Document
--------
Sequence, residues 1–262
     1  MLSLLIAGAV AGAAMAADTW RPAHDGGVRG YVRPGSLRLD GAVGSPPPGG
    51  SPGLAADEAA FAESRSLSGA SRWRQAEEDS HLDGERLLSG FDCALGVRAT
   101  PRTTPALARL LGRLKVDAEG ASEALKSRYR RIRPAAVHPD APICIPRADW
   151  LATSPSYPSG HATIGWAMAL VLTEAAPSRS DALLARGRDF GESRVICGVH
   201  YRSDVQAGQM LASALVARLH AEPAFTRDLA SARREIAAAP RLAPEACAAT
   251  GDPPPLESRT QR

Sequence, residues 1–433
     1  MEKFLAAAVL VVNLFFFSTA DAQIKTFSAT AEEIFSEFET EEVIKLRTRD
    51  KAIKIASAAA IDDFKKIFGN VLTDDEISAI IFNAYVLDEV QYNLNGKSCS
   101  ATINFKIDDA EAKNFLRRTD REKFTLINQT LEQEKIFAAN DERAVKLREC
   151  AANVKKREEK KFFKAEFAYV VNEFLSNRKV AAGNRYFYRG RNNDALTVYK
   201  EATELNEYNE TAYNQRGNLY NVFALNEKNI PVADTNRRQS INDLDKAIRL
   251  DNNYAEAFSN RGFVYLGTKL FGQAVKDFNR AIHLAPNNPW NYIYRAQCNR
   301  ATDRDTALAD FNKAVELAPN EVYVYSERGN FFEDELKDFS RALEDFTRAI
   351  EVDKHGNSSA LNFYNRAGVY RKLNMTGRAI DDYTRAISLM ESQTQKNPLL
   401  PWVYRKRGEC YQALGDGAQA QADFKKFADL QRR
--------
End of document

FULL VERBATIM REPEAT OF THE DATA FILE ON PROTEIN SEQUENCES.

Sequence, residues 1–262
     1  MLSLLIAGAV AGAAMAADTW RPAHDGGVRG YVRPGSLRLD GAVGSPPPGG
    51  SPGLAADEAA FAESRSLSGA SRWRQAEEDS HLDGERLLSG FDCALGVRAT
   101  PRTTPALARL LGRLKVDAEG ASEALKSRYR RIRPAAVHPD APICIPRADW
   151  LATSPSYPSG HATIGWAMAL VLTEAAPSRS DALLARGRDF GESRVICGVH
   201  YRSDVQAGQM LASALVARLH AEPAFTRDLA SARREIAAAP RLAPEACAAT
   251  GDPPPLESRT QR

Sequence, residues 1–433
     1  MEKFLAAAVL VVNLFFFSTA DAQIKTFSAT AEEIFSEFET EEVIKLRTRD
    51  KAIKIASAAA IDDFKKIFGN VLTDDEISAI IFNAYVLDEV QYNLNGKSCS
   101  ATINFKIDDA EAKNFLRRTD REKFTLINQT LEQEKIFAAN DERAVKLREC
   151  AANVKKREEK KFFKAEFAYV VNEFLSNRKV AAGNRYFYRG RNNDALTVYK
   201  EATELNEYNE TAYNQRGNLY NVFALNEKNI PVADTNRRQS INDLDKAIRL
   251  DNNYAEAFSN RGFVYLGTKL FGQAVKDFNR AIHLAPNNPW NYIYRAQCNR
   301  ATDRDTALAD FNKAVELAPN EVYVYSERGN FFEDELKDFS RALEDFTRAI
   351  EVDKHGNSSA LNFYNRAGVY RKLNMTGRAI DDYTRAISLM ESQTQKNPLL
   401  PWVYRKRGEC YQALGDGAQA QADFKKFADL QRR